Meet Paula Campesino: 2022 AWWA Woodard & Curran Scholarship Recipient

“As a Hispanic female engineer and doctoral student, I have found few role models which have had to go through the same circumstances that I worked through to get to the current position I am in,” said Paula Campesino, adding, “Most women in my life are definitely strong characters who want to push forward.”

As this year’s recipient of the AWWA Woodard & Curran Scholarship, which provides female or minority students $5,000 in their pursuit of a water industry-related graduate degree, Campesino hopes to set an example for other graduate students. She said, “This scholarship allows me to serve as a role model for future graduate students that may not see themselves represented in typical academic STEM groups and who may be stressed with similar cultural dilemmas that I have faced.”


Rob Little Practice Leader Drinking Water

View All Posts

Quote icon

I’d like to be an advocate and motivator for women and minority engineers in the water/wastewater industry. Although I’m only just beginning my career, I know that there is always room for improvement regarding diversity in the workplace. I feel that this is further true in STEM industries, even with the major improvements in recent years. I hope to support the success of new minority engineers through networking, taking part in outreach events, and more.

Paula Campesino Woodard & Curran 2022 Scholarship Recipient

One such dilemma is the cultural difference between growing up in a Hispanic family who places emphasis on collective family support, compared to the very individualistic nature of academia. She said, “I have learned to balance the two, but I imagine this may be a factor that many graduate students in my position and from a similar background struggle with.”

Yet, her family is also a source of inspiration. Born in Venezuela, much of Campesino’s family who still lives in the South American country experience water insecurity. Combined with an engaging experience in her high school environmental sciences class, she went on to pursue environmental engineering. In 2018, Campesino earned her Bachelor of Science and, in 2020, completed her Master of Science at the University of Central Florida. She expects to earn her doctorate in environmental engineering next May from the same university.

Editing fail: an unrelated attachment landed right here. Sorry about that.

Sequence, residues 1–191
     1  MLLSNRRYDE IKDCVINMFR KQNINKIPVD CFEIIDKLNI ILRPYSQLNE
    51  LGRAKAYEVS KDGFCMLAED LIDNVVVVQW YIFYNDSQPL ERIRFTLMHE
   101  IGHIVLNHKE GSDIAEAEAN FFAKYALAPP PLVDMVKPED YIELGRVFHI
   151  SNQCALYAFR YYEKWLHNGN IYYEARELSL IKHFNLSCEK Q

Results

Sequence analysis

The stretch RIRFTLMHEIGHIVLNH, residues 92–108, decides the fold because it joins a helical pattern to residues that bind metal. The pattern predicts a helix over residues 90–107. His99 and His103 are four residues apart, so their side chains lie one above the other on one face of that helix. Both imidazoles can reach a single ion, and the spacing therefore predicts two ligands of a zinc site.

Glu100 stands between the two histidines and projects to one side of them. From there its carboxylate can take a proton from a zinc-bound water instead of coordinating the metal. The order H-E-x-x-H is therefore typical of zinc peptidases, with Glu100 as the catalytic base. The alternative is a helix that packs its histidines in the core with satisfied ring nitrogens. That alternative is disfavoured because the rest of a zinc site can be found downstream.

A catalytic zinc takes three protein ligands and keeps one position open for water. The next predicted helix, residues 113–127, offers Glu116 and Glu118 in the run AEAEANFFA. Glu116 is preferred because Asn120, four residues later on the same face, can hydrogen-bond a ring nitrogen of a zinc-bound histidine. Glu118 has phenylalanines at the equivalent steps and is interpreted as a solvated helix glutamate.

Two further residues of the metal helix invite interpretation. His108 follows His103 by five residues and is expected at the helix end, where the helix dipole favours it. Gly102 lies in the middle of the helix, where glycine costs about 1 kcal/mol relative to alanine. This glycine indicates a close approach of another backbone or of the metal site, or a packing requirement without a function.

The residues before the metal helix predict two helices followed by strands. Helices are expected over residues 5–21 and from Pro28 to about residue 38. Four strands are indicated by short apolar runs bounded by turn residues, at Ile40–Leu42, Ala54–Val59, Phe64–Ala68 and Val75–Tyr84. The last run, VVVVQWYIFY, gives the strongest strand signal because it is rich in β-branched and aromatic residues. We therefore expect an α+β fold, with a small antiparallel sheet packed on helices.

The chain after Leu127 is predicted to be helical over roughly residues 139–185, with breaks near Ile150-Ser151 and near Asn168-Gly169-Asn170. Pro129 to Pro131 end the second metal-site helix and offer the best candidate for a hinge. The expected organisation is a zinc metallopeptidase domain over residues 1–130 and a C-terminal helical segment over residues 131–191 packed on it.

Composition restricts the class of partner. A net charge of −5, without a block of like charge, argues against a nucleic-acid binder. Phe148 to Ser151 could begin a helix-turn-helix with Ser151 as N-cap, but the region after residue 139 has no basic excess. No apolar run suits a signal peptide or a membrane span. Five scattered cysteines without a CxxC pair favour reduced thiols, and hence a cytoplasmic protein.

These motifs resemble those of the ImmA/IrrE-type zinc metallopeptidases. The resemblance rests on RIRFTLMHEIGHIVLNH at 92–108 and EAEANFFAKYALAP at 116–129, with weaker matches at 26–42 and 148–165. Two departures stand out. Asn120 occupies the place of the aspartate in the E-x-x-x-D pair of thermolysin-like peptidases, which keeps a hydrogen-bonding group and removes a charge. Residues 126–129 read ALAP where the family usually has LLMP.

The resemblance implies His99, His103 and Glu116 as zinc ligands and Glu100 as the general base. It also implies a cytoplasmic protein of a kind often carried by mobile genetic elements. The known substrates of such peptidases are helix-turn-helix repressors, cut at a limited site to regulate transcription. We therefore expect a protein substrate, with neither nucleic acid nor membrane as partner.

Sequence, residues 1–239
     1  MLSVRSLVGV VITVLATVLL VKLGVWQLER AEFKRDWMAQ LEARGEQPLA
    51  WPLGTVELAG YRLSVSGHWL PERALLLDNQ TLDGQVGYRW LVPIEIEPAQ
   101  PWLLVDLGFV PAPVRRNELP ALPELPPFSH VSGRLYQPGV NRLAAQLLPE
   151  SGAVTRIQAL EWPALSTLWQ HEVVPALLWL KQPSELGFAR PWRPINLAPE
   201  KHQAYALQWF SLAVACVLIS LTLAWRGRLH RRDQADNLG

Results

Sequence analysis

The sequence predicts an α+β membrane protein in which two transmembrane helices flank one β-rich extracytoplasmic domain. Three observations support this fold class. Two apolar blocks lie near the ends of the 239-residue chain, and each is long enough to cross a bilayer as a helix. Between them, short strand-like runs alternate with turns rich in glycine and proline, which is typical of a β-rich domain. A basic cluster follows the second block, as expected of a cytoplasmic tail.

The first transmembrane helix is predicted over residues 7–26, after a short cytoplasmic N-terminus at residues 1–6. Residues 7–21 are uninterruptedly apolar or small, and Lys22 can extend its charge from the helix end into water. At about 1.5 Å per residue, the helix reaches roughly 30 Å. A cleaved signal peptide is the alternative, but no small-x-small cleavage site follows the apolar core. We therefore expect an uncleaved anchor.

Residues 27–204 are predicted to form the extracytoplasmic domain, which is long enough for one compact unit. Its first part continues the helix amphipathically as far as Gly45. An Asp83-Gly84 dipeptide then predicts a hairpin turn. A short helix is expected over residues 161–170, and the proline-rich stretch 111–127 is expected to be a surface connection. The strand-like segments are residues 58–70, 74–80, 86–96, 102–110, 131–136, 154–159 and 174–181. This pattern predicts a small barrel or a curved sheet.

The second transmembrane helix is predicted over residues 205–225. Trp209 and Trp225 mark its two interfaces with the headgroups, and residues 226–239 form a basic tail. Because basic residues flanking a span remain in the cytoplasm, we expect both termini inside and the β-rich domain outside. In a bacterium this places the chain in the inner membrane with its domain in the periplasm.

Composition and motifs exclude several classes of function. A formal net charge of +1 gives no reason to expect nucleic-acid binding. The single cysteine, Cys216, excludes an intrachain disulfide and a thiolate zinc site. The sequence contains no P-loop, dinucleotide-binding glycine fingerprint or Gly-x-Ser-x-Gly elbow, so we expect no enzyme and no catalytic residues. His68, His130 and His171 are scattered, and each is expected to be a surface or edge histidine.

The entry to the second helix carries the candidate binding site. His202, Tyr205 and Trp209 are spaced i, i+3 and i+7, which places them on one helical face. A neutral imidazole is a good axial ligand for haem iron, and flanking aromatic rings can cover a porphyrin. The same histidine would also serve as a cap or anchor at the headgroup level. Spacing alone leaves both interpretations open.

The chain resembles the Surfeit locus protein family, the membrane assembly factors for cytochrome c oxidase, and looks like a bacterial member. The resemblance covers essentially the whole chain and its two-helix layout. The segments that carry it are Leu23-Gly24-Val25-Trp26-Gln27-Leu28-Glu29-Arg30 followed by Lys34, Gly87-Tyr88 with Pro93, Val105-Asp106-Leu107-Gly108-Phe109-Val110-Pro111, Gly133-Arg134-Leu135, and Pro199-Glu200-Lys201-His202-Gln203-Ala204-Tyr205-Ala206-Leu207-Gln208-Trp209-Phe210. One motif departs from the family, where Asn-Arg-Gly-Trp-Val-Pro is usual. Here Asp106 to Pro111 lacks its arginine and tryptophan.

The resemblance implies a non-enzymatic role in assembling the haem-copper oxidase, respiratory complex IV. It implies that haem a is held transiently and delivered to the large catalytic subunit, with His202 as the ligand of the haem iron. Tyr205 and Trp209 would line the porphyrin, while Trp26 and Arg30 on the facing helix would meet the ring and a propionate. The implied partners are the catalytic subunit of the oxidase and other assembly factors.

Paula Campesino handling water samples in Sarasota, Florida.

Prior to completing her undergraduate studies, Campesino joined Dr. Steven Duranceau’s Water Quality Engineering Research Group based at the University of Central Florida and continues to work with the team as a doctoral student. Dr. Duranceau wrote in his letter of recommendation, “As Paula’s research advisor, I can attest that she has been able to conduct research that provides practical engineering solutions that resolve issues affecting the water community. Additionally, Paula has such good leadership skills that I have placed her as the senior graduate student in-charge of training, scheduling, and monitoring the progress of our undergraduate researchers in our research group.”

During her studies, Campesino has been involved in several water quality projects. She participated in a water quality study to evaluate the disinfection by-product formation potential of one of Maui’s surface water sources, which feeds several water treatment plants. She continues to work with the Floridian city of Sarasota on a Lead and Copper Study, evaluating the water distribution system by analyzing pilot-scale corrosion using linear polarization resistance measurements and metal coupons to determine if phosphate-based corrosion inhibitors decrease corrosion rates.

Bill Riebe, Sarasota Utilities Director, wrote in his recommendation letter, “Her work will help us identify compatible corrosion control inhibitors focused on not only current treatment, but also a method to examine compatibility for future treatment blends. She has played an instrumental role in the continued success of this project and shown a dedication to providing technical knowledge, continued communication, and good relations with our city staff.”

“Paula exhibits strong leadership skills overseeing undergraduate student studies and serving as a liaison for incoming graduate students as well,” said Woodard & Curran Project Manager Srivalli Sukuru. In reviewing her scholarship application, Sukuru noted Campesino’s passion for small water utilities and her engagement in ongoing projects such as the Lead and Copper Study in Sarasota.

Much of Campesino’s experience has focused largely on the quality and operations of small-scale water systems. After her doctorate program, she hopes to continue working with smaller systems, having a big impact on utilities that may not have the resources necessary for major upgrades.

“Source water scarcity is becoming a larger concern, especially in more arid regions in this country and across the world,” said Campesino. “But smaller utilities are left with fewer resources and worse water quality. I’m motivated to try and improve systems as a future engineer to many locations across the world where source water and treatment options are scarce.”

Scroll back to top of the page